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Remembered Today:

Walter Percy Marshall - Royal Berks Regt & Royal Navy


Phil Wood
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Rather an odd case which I am struggling to comprehend - as ever, any insights welcome!

Walter Percy Marshall (born 9 Dec 1891) from Newbury signed up with the Royal Berkshire territorials on 29 Mar 1911 for the usual 4 year term.

In 1914 he must have signed the Imperial Service Obligation since he went to France with the 1/4th Royal Berks in 1915 (landed at Boulogne on 30 Mar).

His time would have expired the day before the battalion boarded the ship bound for France.The 1914-15 Star roll shows he was discharged on 3 Apr 1916.

So far this is consistent with what I understand to have been normal practice - at the end of his 4 year term of service the army took advantage of its right to hang on to him for one more year, after which he was entitled to escape to civvy street.

However, this was after the introduction of conscription and a trained soldier would have been an attractive target. So it is not surprising to read in a newspaper article (Jul 1916) covering the death of his brother to find the information that Walter had been called up for further service on the 3rd of August.

This is where it gets confusing - Walter enlists into the navy on 29 Nov 1916. One can't fault his survival instinct - but how did he manage it?

My only conclusion is that he was able to evade the August call-up either through fitness or being a key worker of some sort and then decided to serve out of guilt, patriotic fervour, or whatever and joined the navy.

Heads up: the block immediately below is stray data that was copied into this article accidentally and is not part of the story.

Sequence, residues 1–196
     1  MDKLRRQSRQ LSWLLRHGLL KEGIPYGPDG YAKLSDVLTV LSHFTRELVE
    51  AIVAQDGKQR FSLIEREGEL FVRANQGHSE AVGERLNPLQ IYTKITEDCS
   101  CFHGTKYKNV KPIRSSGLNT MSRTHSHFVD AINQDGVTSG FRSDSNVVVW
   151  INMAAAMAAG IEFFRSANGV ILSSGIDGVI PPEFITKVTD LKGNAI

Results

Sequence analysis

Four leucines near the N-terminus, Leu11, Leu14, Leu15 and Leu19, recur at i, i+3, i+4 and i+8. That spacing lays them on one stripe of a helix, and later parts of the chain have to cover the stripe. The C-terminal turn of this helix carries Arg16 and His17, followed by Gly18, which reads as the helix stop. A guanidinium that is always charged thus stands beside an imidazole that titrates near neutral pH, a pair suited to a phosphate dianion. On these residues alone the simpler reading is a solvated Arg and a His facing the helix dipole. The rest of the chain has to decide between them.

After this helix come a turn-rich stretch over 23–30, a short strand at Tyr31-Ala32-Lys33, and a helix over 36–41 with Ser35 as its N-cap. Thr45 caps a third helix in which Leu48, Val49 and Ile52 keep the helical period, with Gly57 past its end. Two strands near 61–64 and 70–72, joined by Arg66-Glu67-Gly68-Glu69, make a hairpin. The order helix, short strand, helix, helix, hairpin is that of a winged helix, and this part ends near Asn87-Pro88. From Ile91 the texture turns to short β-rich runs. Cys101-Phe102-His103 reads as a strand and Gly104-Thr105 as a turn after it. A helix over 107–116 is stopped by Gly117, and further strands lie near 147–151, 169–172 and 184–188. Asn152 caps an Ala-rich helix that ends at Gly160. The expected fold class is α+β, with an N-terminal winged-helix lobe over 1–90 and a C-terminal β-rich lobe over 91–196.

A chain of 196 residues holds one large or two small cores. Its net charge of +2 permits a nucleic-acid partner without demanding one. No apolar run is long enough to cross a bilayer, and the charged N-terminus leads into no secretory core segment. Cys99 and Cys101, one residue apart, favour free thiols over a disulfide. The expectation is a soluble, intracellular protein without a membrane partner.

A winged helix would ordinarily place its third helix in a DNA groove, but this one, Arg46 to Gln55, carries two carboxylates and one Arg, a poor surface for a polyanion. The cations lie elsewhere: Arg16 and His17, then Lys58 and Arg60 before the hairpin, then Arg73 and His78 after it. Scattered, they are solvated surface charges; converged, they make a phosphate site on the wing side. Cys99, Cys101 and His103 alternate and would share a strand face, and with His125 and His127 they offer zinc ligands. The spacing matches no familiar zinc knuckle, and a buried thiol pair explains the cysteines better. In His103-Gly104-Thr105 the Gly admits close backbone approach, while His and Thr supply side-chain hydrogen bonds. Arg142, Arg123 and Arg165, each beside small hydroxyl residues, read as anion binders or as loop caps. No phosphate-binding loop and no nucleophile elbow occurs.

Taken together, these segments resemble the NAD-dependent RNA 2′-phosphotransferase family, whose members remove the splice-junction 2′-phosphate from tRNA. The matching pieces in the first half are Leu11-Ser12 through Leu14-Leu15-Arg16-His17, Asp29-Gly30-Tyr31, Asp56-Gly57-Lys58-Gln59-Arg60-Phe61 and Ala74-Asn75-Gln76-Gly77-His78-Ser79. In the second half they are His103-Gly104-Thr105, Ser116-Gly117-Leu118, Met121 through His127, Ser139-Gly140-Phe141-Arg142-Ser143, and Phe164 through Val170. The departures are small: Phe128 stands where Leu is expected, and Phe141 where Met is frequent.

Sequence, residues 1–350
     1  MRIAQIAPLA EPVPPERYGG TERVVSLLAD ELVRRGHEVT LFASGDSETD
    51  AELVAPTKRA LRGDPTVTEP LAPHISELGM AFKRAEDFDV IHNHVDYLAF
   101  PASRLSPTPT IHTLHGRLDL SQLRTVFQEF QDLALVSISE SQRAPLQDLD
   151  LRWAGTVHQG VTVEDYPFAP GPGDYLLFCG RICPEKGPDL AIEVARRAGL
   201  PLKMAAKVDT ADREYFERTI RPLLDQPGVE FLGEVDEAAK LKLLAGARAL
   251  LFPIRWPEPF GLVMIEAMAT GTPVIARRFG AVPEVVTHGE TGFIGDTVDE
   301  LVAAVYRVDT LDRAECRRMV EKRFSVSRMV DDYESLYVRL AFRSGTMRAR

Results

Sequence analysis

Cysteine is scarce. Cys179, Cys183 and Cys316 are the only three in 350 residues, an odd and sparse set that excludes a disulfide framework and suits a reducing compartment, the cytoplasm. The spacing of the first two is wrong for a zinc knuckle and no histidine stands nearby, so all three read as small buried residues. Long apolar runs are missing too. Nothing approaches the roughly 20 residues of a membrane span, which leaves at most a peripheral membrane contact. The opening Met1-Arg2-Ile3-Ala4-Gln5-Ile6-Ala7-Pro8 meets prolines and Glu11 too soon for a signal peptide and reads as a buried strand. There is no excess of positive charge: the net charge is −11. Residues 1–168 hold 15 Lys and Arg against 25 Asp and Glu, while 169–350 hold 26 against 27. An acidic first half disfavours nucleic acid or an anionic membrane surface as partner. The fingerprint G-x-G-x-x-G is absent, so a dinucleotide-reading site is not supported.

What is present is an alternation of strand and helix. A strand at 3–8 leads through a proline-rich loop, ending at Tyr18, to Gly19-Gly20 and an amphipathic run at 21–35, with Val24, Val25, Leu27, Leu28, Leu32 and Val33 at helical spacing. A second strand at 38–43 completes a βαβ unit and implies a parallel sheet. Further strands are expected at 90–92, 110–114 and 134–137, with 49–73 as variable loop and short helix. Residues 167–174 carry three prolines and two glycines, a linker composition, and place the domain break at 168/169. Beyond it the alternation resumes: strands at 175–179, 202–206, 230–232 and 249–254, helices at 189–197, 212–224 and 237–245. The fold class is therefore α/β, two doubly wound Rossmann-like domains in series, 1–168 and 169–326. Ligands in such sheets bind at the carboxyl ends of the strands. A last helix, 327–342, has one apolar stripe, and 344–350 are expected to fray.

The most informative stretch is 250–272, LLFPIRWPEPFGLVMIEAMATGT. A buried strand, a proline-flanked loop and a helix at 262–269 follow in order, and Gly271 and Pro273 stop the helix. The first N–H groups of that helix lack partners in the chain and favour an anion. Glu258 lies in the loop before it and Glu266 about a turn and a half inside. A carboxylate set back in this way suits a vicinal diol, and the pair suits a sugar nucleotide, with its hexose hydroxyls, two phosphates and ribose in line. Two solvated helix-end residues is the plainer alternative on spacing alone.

I'm not over-happy with this explanation because I suspect he was a drayman (so I'm not convinced he was a key worker) and he ended up as a stoker in the navy (so he can't have been very unfit).

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A man might have received his call up notice in August but they weren't always then asked to report immediately.

The notice would tell them they were wanted for service but it was then down to the military to decide exactly when.

He may also have managed to get a temporary exemption for some reason.

Craig

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I can see possible reasons for the delay - but not for the military allowing a fit infantryman with front line experience to join the navy as a stoker. Perhaps he was exhibiting some PTSD symptoms, mentally fragile but physicaly able to use a shovel.

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If he was not serving in the army, I can see no reason why he should not volunteer to serve in the RN. And I see no way that the army could prevent his volunteering if the RN accepted him. He would have been required to declare his previous military service on RN engagement.

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A lot of time-expired territorials joined the navy after discharge in 1916, presumably they'd rather that than risk going back to the tranches.

Craig

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